Shipping tycoon sees first Namibia hydrogen output by year-end

2nd May 2024 By: Bloomberg

Shipping tycoon sees first Namibia hydrogen output by year-end

CMB CEO Alexander Saverys
Photo by: Bloomberg

Cie Maritime Belge (CMB), a Belgian shipping company, expects green hydrogen production in Namibia to start in the fourth quarter, a project that could see $3.5-billion in investment over the next five years.

Belgium’s King Philippe is on Thursday touring what’s expected to be Namibia’s first operating green hydrogen plant. The Antwerp-based shipping company seeking to power its fleet plans to open the first stage of the hydrogen fuel and ammonia project through a joint venture with Namibia’s Ohlthaver & List Group.

The facility will initially produce 400 kilograms (882 pounds) of hydrogen daily powered by a 5 MW solar plant near the port town of Walvis Bay. It’s expected to cost $30-million to build.

The project is part of a plan by the southern African desert nation to exploit some of the world’s best solar radiation and tap into Europe’s demand for green fuels. If successful, along with recent oil finds, it could transform the economy of the nation of 2.8 million people that currently relies on tourism, fishing and diamond mining.

“Our customers are asking us to clean up our act to make sure that we don’t emit carbon dioxide anymore. So we need to find an alternative for diesel,” Alexander Saverys, CMB’s chief executive officer, said in an interview at the site, as he explained why the shipping company is venturing into green fuel production. “We wanted to be in a country where there’s an abundance of cheap renewable energy and Namibia is that country.”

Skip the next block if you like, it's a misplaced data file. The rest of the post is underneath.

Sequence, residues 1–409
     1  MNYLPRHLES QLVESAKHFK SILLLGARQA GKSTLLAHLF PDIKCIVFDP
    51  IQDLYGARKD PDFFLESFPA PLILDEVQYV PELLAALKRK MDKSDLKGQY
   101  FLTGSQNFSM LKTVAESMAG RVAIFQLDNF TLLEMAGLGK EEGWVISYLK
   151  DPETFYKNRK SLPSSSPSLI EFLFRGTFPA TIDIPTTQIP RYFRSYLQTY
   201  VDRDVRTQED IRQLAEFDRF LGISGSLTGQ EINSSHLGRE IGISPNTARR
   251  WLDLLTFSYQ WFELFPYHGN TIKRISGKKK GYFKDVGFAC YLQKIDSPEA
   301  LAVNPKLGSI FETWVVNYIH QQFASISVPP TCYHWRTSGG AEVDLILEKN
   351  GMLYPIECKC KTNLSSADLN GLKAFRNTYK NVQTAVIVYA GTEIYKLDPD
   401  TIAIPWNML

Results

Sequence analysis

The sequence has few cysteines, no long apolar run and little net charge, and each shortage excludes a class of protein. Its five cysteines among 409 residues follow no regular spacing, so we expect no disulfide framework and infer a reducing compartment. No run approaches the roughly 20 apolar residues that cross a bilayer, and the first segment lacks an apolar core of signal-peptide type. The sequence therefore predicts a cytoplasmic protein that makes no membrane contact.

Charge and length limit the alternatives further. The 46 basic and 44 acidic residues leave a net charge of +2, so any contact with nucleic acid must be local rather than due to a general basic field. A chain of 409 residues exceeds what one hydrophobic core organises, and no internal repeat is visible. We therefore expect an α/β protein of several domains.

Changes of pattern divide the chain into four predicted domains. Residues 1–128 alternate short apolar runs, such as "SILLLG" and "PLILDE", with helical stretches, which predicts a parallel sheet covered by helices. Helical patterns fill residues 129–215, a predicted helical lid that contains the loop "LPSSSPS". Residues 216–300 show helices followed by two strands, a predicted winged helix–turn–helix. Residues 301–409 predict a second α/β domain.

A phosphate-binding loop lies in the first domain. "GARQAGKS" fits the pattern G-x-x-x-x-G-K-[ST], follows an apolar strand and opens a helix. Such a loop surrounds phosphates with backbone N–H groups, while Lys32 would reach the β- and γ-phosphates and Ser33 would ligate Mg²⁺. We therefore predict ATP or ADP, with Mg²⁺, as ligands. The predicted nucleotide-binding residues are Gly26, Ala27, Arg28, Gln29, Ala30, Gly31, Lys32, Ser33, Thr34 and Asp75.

The CMB plant, which will be expanded, will be followed by an ammonia terminal at Walvis Bay port. CMB is also planning to construct a 250 000 t/y ammonia plant powered by solar at Arandis in the heart of the Namib desert. That will bring total projects costs to about $3.5-billion.

When complete, the project will allow CMB to venture into refueling large ships that dock in Walvis Bay - which lies on the route around the tip of Africa.

At the site near Walvis Bay solar energy is used to split water to generate hydrogen, which burns without emitting greenhouse gases and can be used to fuel trucks and small ships. At Arandis the hydrogen will be converted into ammonia, which is easier to transport and can be used to power large ships and heavy industry.

CMB, founded in 1895, is controlled by the Saverys family. The Namibia plant will be its first outside Belgium, where it operates a small facility.

Namibia has vast resources including sun and wind that can be used to make hydrogen, Tinne Van der Straeten, Belgium’s energy minister, said in an interview. “But most important, we have a very like-minded vision and a very like-minded hydrogen strategy.”